Iran declares German asylum politics unlawful
Published on German daily “Die Welt”, 9. March 2010
English translation kindly provided by Josh Manning; edited by germantoenglish
Iran has distinctly criticized the German asylum plan for Iranian dissidents. The move was unlawful and politically motivated, said a speaker in the state department. The Federal Republic had announced to accept Iranian citizens from foreign countries who are considered dissidents by Tehran.
The speaker of the Iranian State Department declared the asylum plans for Iranian dissidents unlawful and politically motivated. “Some of those people who could return to Iran without any problems depict their situation in a way that suggests they are in mortal danger, and the European countries use this fact in order to claim that Iranians are flocking into Western countries en masse” Those who give such a story only wanted to profit from asylum abroad, he added. On Monday, Germany had disclosed that it was ready to accept Iranian citizens who were regarded as dissidents by Iran.
Regardless of this move, the European court of Justice for Human Rights in Sweden prohibited the deportation of an Iranian to his homeland. This man had secretly fled his homeland and would risk arrest and mistreatment on his return, ruled a Strasbourg judge. The risk is all the larger since an increase in heavy human rights violations has been noticed following last year’s elections in Iran. Under these circumstances, deportation would be an offense to the prohibition of torture.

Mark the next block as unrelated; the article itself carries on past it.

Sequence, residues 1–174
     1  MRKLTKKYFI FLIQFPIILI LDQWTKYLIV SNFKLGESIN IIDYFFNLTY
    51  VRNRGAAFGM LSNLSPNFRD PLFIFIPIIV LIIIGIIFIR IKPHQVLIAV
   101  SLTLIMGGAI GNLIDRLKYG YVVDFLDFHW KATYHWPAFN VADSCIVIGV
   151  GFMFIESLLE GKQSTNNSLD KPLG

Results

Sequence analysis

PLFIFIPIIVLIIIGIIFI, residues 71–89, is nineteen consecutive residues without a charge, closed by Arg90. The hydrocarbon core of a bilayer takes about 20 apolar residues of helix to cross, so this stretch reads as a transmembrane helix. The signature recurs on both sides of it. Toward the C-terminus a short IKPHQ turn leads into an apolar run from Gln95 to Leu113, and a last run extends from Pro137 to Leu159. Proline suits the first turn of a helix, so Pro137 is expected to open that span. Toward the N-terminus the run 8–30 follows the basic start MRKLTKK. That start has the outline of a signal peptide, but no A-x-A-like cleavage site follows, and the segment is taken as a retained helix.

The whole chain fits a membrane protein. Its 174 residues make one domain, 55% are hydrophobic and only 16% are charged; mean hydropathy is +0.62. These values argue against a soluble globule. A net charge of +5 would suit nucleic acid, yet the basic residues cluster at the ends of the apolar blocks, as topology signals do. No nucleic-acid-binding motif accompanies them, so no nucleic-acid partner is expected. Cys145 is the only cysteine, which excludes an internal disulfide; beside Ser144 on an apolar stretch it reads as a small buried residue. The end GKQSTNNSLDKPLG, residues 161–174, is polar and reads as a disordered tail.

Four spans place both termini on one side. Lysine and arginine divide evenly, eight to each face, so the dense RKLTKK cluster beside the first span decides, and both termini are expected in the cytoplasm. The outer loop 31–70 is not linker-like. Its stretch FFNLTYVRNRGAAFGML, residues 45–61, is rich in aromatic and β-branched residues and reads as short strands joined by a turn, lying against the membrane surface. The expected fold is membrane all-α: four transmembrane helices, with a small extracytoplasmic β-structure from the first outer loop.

The presently 44 year old man had arrived in Sweden during 2003 and placed a request for political asylum. He stated he was arrested during a demonstration in July of 2001. He was held in prison for two years before he was able to flee. Afterward, he hid in a truck to flee Iran.
According to his own account, the Iranian was repeatedly tortured during his detention in his homeland. A medical certificate verified scars which possibly resulted from abuse. However, his request for asylum was rejected. The Swedish authorities made it clear that the statements of the man were of little credibility. Although, the Court of Justice for Human Rights disagreed with this. “Largely and wholly” the description by the Iranian is quite conclusive. Sweden was one of the signers of the European Convention on human rights and committed itself to respect the decisions of the Strasbourg court.
Iran has experienced the heaviest domestic crisis since the Islamic Revolution in 1979. After the disputed re-election of President Mahmoud Ahmadinejad, protests erupted repeatedly in which numerous people were arrested and convicted.